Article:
Google’s Mark Risher: ‘Phishing attacks are getting more targeted and insidious’

1 Feb 2019

Mark Risher. Image: Google

As spam and automated phishing attacks proliferate, Google’s fraud-fighter Mark Risher warns that it is the insidious, targeted, individual attacks that are the most frightening.

Mark Risher is Google’s director of product management, identity, account security, and spam and abuse – or, in simple terms, he is Google’s chief fraud-fighter and an authority on the future direction of email security and passwords.

The former ‘spam czar’ at Yahoo has also founded and sold two of his own start-up companies, one in consumer and one in enterprise software.

‘We believe that federations and products like Sign In With Google really improve security for the industry as a whole, and the developers and industry that work with us and their users are in a better place’

As well as playing a leading role in the internet giant’s policy and product direction on federation and authentication, Risher has regularly presented worldwide to government, industry and consumer groups about spam, abuse and cybersecurity issues.

Tell me about your own role and responsibilities in driving tech strategy.

I work on everything around Google accounts – getting them, signing into them, new form factors like Google Voice, signing into a watch, a car, a TV – you name it. It is important to keep the balance and say while no bad people can get into your account, the other extreme [is] to make [information available] at the tip of your fingertip, but there are security and privacy concerns. So that balance is what we strive on.

We still haven’t found a better security model than the password, have we?

Passwords aren’t trivialities; there’s a lot that relies on them but hopefully you and your readers are dealing with them less frequently. We have made big investments in Autofill on Google Chrome, including its recent release as well as the Android platform and other technologies like Two-Factor, Google Prompt, Security Key – all of these work together. The way that we stay in front of it is by really careful threat modelling and understanding what is the bad thing that people are attempting out there, but also really going deep into the human factors like usability concerns and what are people really likely to do.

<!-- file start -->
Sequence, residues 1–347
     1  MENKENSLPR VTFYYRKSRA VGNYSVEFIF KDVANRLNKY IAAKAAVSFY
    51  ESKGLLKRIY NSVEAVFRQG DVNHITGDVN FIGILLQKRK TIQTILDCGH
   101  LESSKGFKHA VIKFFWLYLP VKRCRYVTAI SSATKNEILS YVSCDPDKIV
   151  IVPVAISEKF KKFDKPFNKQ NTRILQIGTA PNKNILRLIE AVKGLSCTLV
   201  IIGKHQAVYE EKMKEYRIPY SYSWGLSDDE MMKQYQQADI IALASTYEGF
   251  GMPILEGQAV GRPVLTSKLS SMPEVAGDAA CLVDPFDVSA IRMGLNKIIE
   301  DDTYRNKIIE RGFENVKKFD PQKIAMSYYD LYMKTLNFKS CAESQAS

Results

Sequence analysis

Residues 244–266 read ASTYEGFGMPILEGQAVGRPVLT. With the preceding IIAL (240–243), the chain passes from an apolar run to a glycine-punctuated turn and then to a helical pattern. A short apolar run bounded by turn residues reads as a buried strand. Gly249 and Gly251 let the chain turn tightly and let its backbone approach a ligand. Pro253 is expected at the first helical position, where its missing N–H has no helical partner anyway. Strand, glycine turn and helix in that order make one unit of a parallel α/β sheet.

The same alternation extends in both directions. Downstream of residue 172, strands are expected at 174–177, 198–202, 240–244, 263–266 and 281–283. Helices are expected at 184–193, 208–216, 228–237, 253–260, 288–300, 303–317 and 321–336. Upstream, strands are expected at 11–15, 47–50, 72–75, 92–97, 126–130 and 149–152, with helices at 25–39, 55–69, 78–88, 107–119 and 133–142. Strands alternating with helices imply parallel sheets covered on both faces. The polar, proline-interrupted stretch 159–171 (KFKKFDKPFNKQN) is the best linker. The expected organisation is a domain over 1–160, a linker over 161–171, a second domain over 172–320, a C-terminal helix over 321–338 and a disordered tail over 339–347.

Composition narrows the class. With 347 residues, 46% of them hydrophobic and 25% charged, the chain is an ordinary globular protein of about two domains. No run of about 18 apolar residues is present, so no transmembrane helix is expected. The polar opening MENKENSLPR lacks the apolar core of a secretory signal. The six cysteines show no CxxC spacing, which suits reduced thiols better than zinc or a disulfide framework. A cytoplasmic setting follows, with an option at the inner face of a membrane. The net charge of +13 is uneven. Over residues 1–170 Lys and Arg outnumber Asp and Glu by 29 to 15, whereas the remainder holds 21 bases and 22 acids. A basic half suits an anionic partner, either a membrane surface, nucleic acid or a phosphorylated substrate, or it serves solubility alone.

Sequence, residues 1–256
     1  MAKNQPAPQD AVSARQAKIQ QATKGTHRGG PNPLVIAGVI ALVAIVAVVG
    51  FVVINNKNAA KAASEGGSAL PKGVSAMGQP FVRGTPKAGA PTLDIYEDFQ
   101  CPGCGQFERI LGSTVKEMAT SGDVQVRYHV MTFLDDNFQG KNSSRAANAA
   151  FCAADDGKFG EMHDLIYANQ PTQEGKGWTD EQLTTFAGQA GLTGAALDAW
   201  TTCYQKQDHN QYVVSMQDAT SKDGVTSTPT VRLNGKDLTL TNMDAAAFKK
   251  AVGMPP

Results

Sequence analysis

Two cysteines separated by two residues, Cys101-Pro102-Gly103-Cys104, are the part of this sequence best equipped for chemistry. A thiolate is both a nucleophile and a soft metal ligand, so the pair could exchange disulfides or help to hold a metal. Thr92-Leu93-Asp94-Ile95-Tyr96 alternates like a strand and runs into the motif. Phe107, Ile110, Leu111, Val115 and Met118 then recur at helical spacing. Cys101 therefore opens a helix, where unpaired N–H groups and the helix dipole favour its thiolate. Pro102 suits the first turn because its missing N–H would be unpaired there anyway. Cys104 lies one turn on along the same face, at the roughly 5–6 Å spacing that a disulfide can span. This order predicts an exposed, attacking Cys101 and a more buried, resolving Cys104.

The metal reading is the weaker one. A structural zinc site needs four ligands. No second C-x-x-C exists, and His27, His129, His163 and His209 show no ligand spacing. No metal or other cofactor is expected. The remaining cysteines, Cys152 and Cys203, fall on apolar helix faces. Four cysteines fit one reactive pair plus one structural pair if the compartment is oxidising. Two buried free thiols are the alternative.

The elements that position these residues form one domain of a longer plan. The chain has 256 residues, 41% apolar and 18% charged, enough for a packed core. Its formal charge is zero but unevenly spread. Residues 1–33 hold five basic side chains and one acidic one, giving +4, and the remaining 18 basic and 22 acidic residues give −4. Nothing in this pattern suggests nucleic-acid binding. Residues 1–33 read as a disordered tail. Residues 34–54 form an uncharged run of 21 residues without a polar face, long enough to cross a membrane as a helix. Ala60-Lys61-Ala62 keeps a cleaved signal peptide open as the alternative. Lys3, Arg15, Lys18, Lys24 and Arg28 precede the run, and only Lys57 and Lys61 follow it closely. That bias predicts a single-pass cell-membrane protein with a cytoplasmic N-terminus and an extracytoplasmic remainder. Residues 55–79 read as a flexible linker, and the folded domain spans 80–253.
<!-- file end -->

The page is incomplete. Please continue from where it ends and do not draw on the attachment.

Service such as signing in with your Google or Facebook account are overtaking passwords as a way to access various other web or app services. But, considering the awful breaches of 2018, do these not pose a risk, too?

We want to improve things – not just for Google and our users, but also people right across the entire technology ecosystem – because everything is connected together, we all have the same adversaries and we all need to band together to defend.

There has been this discussion of how the federated identity products create some extra vulnerability, and I disagree with that.

The way that the majority of websites right now – and services and apps – manage authentication is that they spin their own systems from scratch and they oftentimes ask for an email address and send a link for you to log in and prove you are the right person.

In that world, it is more dangerous than being federated. Being able to click the link and being able to break into a lot of the site is, in fact, the same type of vulnerability.